So #Heresthething : In my opinion, Linux has become a system which any person can use and trust. Perhaps there are some apps for Windows which Linux can’t match, but the same is true for Windows which is why some people buy Macs. In my opinion, they are all about equal. What is Linux missing? In a word: Marketing.
A good marketing department would identify what people use Windows for and would explain how to use Linux to potential users in terms they would understand, and show them how the differences in Linux make it BETTER.
We need a tutorial, manual, or users guide which tells a Windows or Mac user how the system works at the Desktop level. Linux is great, and is an effective replacement for a Mac or Windows machine IF YOU COULD EXPLAIN HOW TO USE IT to someone who already knows how to use Mac or Windows.
All the tutorials on Linux start out with the equivalent of saying you have to learn DOS before you can make this machine work.
I had a brief Twitter conversation with Chris Fisher at #JupiterBroadcasting about this, and he largely agreed with me but did not commit. I even volunteered to be in the show — if there ever was a Linux user who knew less about the inner workings than me but still loved using the system, I don’t know who.
Of course the question is, which distro and which desktop to use? Most people moving from Windows to Linux are doing so just to use the Internet. I would start with LinuxMint or Ubuntu, as they are the most designed for a simple user experience.
(Digression: There are some terms used in Windows which you had to learn and now seem second-nature. The same can be said for Mac. For Linux, the first term you need to learn is “distro”, which is short for “distribution”. Linux is not a single company’s system but is developed independently by dozens of companies and groups of people. How they put their package together is what makes their distro unique. This can mean the screen looks different, or they use a different way to install the system and software, or many other things.)
The two hardest things to explain to Windows or Mac users are: Desktops, and Downloads.
With Windows, you have one Desktop. Windows calls it Windows Explorer, but I know tons of Windows users who don’t know this term. It’s just the Desktop, or the Screen. Mac is just Mac. But Linux is developed by a lot of different people who like tweaking their desktop their way, and the result is a dozen different desktops as well as a dozen or so sets of tools to customize your desktop. Some of them are resource-heavy, some are very light, and depending on your machine that can make a difference in how fast you machine appears to run. Popular desktops are named MATE, Cinnamon, Gnome, KDE, Unity, etc..
With Windows, you go look for software on the software maker’s site, and many times find yourself downloading things you didn’t want, whether it’s just another program they want you to have or a virus you didn’t want. With Linux, the distribution you choose (Ubuntu, LinuxMint, Debian, Arch, Slack, etc.) keeps its own store-room (termed “repository”) of software already checked and verified to run, and you go to that store — on your desktop, or in your menu. You don’t need to have your browser open, but you do need to be connected to the Internet. You open one of two (or more) software centers (one for the casual user, the other for more experienced users), and just look up the program you want or the function you want. You are often presented with several options, not just one program.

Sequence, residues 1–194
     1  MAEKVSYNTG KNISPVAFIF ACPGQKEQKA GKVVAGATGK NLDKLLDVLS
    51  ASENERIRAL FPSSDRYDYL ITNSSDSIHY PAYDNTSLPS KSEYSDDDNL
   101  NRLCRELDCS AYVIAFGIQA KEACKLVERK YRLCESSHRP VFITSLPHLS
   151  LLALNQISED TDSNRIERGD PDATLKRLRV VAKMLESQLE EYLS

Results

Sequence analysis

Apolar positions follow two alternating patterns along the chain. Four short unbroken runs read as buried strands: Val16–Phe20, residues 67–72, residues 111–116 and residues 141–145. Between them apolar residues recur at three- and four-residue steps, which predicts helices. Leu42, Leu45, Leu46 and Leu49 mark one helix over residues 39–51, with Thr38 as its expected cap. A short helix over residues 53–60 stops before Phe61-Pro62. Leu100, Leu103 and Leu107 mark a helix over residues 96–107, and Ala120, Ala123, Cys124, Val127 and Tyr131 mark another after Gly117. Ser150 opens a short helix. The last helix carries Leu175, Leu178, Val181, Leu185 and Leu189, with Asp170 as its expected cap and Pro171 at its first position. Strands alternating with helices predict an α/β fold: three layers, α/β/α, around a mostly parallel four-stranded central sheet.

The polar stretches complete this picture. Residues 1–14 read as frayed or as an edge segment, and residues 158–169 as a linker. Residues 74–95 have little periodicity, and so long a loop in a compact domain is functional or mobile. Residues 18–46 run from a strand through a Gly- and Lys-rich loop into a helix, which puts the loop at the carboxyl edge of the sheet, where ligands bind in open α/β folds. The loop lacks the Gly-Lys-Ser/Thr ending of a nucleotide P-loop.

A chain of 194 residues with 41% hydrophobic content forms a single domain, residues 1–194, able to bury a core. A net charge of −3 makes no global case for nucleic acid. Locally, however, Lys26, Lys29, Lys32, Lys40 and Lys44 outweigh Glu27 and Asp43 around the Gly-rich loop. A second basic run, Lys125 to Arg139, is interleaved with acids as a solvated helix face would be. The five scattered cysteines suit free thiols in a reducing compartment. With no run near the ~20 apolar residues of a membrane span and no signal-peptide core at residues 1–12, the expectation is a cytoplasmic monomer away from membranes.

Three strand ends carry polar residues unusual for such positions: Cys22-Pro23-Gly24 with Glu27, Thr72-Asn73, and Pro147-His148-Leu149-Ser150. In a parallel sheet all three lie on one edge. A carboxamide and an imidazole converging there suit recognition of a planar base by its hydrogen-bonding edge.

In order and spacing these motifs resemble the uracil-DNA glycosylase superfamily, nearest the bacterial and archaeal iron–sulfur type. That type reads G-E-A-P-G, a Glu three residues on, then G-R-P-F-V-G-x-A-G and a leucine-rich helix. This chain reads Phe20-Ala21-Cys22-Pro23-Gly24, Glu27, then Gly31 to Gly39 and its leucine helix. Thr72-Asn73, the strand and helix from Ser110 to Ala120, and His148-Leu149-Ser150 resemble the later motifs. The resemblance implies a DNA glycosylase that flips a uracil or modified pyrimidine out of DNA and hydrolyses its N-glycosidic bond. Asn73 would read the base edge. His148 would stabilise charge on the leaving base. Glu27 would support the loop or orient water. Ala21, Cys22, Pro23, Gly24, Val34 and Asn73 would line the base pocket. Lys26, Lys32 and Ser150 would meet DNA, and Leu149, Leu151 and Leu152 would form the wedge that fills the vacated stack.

For the internet, the only thing you are “losing” from Windows is the Internet Explorer browser, which most Windows users don’t even use. Firefox, Chrome, Opera, Safari, and several other browsers are available in all or most distros. But most just pick one and don’t even know they call it a “browser”. Signing into Chrome in Linux brings in all your bookmarks and passwords the same as you were using in Windows, as they are stored in the Google Cloud; for Firefox, if you have Sync set up, the same is true.
And #Heresthething: It’s all free, or at least 99% of it is, and the operating system (Linux distro) is also free. It’s also virus-free. You download software from the repository and it installs, you use it, you’re safe. 99% of viruses will not run in Linux, even if you download them. The main reason for even HAVING virus checkers is to protect Windows-using friends you may be passing files to.
And there is a COMMUNITY. You go to the forum for that distro or other help forums, ask a question, and you usually have the answer in an hour or two (if you go back to the forum and check). People use Linux because they love helping others use Linux. You don’t pay for support, you just ask for it.
So. I would like to see, or make, a podcast of a few episodes, showing a new Linux user just trying things out from Windows, just how simple it is to use and how to do so. We could do 4 or 5 or more version of it using different Linux distributions.
Is anyone else feeling the need for this?